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Council turns down library request

Posted on April 16, 2015 by Vauxhall Advance

By J.W. Schnarr
Vauxhall Advance

While they support the application of the Vauxhall Public Library board to turn the library into a Visitor Information Centre, council turned down a funding request which would see the town shoulder many of the associated costs.

During their regular meeting on April 7, council discussed a request for support and funding from the board, and while generally supportive of the initiative, council decided there were too many unanswered questions to provide funding at this time. The board is currently in the process of trying to apply for accreditation and the Tourism Highway Signage Program for Alberta Visitor Information Providers.

There is an accreditation criterion which must be met in order to obtain no-cost trailblazer signage, some of which needs to be met on an annul basis.
The library must apply and be approved and the Visitor Information Centre must be approved by the municipality as an official VIC. In addition, the board is requesting a sum of $1,350 in order to send two staff members to Edmonton for three days of training. Costs include wages, mileage, and meals. The training would need to be taken on an annual basis for the library to remain accredited.

Additionally, the library would need to be open 40 hours per week, including Saturdays, during the months of July and August (the two months they hope to run the VIC). The library is currently open 32 hours per week and is requesting the town pay additional wages amounting to $720 for those two months.

The Ministry of tourism, Parks, and Recreation would provide all signage, installation costs, and maintenance costs.

During discussion, Deputy Mayor Richard Phillips said it was unclear whether the library could constitute as a visitor centre, as the first, main requirement is that visitor information be the primary duty of the facility, while the primary goal of the library is not.

“Their very first point, in bold, is that the VIC has a primary purpose of providing tourism information,” he said. “My understanding is that our library has a primary purpose of functioning as a library. This, by definition, would be a secondary purpose. It would be very embarrassing for a library to apply for something which says, in bold print, (they) are not qualified.”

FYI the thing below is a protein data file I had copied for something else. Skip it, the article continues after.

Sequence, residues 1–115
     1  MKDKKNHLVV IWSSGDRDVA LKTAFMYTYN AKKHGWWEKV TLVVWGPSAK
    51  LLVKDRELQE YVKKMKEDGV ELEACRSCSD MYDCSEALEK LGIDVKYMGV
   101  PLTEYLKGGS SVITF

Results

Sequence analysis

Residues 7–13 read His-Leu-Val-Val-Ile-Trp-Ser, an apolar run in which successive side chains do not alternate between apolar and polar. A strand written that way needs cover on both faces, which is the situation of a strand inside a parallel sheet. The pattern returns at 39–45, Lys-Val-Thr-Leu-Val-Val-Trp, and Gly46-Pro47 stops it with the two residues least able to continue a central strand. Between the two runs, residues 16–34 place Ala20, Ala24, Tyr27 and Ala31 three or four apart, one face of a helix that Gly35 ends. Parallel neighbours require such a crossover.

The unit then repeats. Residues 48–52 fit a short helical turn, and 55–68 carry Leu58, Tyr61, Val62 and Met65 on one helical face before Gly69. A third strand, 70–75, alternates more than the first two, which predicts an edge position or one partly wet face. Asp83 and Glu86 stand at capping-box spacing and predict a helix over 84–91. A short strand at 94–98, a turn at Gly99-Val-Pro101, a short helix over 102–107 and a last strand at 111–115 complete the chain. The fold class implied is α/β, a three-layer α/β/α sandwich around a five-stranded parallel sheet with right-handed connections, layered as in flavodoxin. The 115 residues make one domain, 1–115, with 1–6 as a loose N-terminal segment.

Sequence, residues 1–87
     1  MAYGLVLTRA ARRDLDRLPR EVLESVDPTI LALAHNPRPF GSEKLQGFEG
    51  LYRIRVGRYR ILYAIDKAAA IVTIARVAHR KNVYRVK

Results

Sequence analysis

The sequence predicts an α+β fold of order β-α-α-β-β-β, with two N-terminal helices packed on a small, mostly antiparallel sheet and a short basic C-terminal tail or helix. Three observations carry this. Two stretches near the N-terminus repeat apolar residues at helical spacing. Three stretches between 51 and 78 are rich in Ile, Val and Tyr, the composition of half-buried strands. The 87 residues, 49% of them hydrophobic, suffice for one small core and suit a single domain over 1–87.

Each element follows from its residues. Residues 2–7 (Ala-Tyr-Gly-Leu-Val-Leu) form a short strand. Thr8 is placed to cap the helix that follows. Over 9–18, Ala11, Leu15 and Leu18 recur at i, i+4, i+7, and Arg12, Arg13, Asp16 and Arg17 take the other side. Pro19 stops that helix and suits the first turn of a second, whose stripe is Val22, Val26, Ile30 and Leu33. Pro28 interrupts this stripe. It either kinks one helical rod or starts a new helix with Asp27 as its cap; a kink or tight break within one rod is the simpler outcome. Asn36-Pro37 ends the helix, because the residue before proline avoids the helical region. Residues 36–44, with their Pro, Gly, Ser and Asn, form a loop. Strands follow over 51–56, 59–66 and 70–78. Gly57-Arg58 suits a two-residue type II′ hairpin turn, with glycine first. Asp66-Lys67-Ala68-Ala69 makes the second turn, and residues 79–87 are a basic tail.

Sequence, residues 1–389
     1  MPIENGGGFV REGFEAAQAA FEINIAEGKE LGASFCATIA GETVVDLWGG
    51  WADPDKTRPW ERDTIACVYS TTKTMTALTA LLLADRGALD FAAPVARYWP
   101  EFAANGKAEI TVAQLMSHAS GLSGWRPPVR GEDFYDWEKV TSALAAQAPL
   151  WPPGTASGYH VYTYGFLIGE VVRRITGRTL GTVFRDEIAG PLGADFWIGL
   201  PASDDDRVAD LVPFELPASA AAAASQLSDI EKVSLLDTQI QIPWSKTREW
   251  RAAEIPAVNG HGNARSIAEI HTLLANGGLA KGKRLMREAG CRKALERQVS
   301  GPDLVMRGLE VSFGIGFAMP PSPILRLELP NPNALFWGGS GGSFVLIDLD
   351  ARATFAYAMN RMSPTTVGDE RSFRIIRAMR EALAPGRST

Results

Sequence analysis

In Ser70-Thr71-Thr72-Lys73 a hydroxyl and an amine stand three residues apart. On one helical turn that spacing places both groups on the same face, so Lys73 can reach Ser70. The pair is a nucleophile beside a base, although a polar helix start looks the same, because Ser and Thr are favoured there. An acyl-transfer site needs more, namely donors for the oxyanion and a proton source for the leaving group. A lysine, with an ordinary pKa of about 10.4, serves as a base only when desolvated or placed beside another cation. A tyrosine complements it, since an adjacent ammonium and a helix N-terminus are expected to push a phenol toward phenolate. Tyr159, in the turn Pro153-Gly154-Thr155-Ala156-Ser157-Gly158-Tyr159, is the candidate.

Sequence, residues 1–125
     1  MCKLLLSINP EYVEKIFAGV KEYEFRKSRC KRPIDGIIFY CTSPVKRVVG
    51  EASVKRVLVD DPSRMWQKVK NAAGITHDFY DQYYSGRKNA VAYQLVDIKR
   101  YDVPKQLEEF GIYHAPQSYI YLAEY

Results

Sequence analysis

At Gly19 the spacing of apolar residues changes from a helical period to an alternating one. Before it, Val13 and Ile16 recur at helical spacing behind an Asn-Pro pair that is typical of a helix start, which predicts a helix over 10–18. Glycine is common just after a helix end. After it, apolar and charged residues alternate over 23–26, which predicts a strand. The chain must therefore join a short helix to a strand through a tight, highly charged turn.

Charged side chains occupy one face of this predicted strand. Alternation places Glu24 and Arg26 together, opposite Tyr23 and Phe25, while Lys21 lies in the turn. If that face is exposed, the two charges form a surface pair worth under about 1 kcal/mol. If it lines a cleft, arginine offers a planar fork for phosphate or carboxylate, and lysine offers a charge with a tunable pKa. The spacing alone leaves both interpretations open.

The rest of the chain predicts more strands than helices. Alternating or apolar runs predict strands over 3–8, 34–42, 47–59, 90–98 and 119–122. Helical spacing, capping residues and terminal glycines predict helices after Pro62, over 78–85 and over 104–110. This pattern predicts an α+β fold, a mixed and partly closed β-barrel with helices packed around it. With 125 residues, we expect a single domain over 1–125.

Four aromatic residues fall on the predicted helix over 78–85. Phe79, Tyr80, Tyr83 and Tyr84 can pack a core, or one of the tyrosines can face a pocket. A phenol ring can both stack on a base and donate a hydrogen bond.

“All they need from us to get going on it, is they need our support, and they need our money (for training),” said Coun. Christie Sorensen. She said her understanding is that many of the other issues surrounding accreditation such as parking, and hours of operation, have already been looked into and approved, leaving the impression the issue of primary and secondary uses was a minor one.

According to council, the board has not registered or applied yet in part due to not knowing whether they had council support, a necessary step in the process. However, members of the board have insinuated the process could be completed =and approved in a timely manner.

“They made it sound like they were good to go, and it will happen this year,” said Sorensen.

As a visitor centre, the government would supply tourism information and signage for the library. It is hoped the VIC would provide a reason for visitors to come in to town, potentially to make use of local businesses and features.

But Mayor Margaret Plumtree expressed concerns over spending tax money on the project and to pay for the wages of employees who do not work directly for the town.

“They are asking for us to pay them for driving up there, to pay them while they get their training, and to pay for any meals,” said Plumtree. “I’m saying, we don’t even pay their wages, and they are asking us to pay this. And then it’s a yearly cost. Is (the program) going to bring in enough people to warrant this? In the end, it’s taxes.”

Coun. Martin Kondor asked if the board could opt out of the program if no benefit was seen after the first year, but Sorensen said it was unclear if that was possible. Kondor replied it made a large difference between one year of costs and five years.

Plumtree said there were still a number of questions without answers and time was running out.

“We’re rushing through this and we need to do everything fast,” she said. “Maybe this isn’t the year to do this. There are just too many questions.”
Coun. Linda English said the costs were too high for the program.
“It’s too much,” she said.

One question was brought up about whether the board’s intention for the VIC was because they want the library to be a tourist centre, or if they were in fact looking for a way to subsidize their summer hours.
“I’d say it’s a plan to draw more traffic into the library,” replied Phillips. “Which is a worthy goal. But, again, based on the criteria, we fail.”

Sorensen said if the board has not sent in an application, there is little need to provide them their requested expenses at this time. However, it was generally agreed that council should send a letter of support to help along the application process.

Following discussion, council passed a motion to support their application to become a VIC, however. However, they were not going to provide funding at this time.

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